PRINCE William has admitted he didn't want to "burden" Kate Middleton and their kids with the "stress" of his air ambulance job.
The dad-of-three opened up about his two years flying as a paramedic with the East Anglian Air Ambulance.
The Duke of Cambridge said that he wanted to "avoid burdening" his family with his emotions and the traumatic things he'd seen on the job.
He made the candid comments at the Royal Foundation's Emergency Services Mental Health Symposium yesterday.
Wills added: "I also remember returning home with the stresses and strains of the day weighing on my mind, and wanting to avoid burdening my family with what I had seen.”
His comments came just days after the Royals were locked in a row with the BBC after a documentary aired detailing claims there was a briefing war between Meghan and Harry and fellow Royals.
The royal family has retaliated by banning the BBC from hosting their Christmas carol concert fundraiser supporting causes such as NHS Charities Together, which funds mental health support.
William did not reference the BBC row in the event, instead focusing on raising awareness for mental health.
He also spoke about how being a dad to three children made him "really affected" on jobs where children were involved.
The royal said: "Any job I went to with children, that really affected me, much more than I think if I hadn’t had children actually.
“So, for me, it was the relationship with my personal life with essentially the family or the incident I was at – I found that very difficult."
Speaking to emergency care assistant Chloe Taylor, 24, and paramedic Will Parish, 27, William added: "There were a number of times when I had to take myself away because I was just getting too involved in it and feeling it.
"And then I'd go to talk to someone else after the event, which was really important, but it continues, it doesn't really leave you there – you just manage it better."
William also offered advice to his fellow paramedics about coping with mentalk health.
He said: "If we weren't affected by emotions, we'd all be robots.
"So, you know, it's OK to be affected by emotions. It's very British for us all to worry about, you know, being affected by emotions – but we all are.
"That's what makes our relationships important, it's crucial, but it's just managing those feelings so we can have time to feel we can breathe again."
The ambulance workers, based with South Central Ambulance Service NHS Foundation Trust, also talked about the issues they have face while on the front line.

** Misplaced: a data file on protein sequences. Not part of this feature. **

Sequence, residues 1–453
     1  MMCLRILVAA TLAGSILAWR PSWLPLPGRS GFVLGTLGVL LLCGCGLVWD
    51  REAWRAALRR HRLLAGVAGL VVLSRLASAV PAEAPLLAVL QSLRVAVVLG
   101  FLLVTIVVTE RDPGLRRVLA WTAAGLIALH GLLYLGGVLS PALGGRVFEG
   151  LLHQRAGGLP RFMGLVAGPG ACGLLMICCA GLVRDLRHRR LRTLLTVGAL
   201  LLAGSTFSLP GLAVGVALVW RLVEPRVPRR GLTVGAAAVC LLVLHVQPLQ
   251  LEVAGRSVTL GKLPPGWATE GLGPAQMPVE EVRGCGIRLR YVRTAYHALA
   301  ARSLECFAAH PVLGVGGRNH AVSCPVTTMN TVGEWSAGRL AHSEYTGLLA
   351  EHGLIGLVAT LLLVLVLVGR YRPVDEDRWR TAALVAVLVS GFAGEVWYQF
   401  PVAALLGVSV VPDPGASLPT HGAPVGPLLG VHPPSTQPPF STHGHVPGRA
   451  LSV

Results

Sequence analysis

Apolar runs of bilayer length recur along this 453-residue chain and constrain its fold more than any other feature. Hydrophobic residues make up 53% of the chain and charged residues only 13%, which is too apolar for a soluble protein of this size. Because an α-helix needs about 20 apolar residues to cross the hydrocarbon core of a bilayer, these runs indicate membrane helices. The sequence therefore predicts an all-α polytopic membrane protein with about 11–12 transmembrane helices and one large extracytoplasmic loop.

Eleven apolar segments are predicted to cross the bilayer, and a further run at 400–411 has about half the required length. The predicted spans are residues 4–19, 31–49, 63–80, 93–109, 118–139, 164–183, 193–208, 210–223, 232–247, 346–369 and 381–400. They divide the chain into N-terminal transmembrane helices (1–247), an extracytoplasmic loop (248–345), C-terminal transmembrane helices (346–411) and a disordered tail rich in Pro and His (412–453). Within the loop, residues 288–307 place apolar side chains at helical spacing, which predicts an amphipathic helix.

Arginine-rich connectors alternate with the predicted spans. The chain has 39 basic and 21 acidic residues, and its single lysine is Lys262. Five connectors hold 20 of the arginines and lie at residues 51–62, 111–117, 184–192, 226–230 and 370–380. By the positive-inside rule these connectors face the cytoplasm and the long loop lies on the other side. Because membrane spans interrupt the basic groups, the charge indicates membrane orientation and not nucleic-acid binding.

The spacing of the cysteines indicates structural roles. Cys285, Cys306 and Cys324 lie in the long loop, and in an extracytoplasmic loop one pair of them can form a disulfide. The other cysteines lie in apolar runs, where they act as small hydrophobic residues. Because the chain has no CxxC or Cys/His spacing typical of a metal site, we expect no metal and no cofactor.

The filmed discussion will be screened later at the Royal Foundation's Emergency Services Mental Health Symposium in London.
The symposium will feature a live panel session involving senior emergency services leaders who will talk about their personal experiences of mental health, alongside keynote speeches by Metropolitan Police Commissioner Dame Cressida Dick and the duke.
The duke is set to announce the ambitious Blue Light Together package of mental health support for the emergency services, developed by his Royal Foundation and partner organisations.
The event is being hosted in partnership with the National Police Chiefs' Council, National Fire Chiefs' Council, Association of Ambulance Chief Executives and United Kingdom Search and Rescue, and will bring together emergency service leaders, frontline workers, policy makers and academics.
"OVERBLOWN AND UNFOUNDED"
The Royal Family have blasted the BBC for "overblown and unfounded claims" about a rift between Prince William and Harry, following the first in a two-part documentary that was aired on Monday.
The royals went on to ban the BBC from hosting their Christmas carol charity fund-raiser, giving the right to ITV.
It is thought that the Westminster Abbey carol concert will support causes close to the hearts of Wills and Kate — including NHS Charities Together, which funds mental health support for young people and counselling for NHS staff.
There are also rumours that the family could cut the BBC off forever after one source told the Daily Mail that William would have to "seriously consider" any further projects.
The Royal Family had also warned BBC chiefs they could report them to Ofcom over anti-monarchist Amol Rajan’s documentary.
Part two of the documentary 'The Princes and The Press' will air next Monday.
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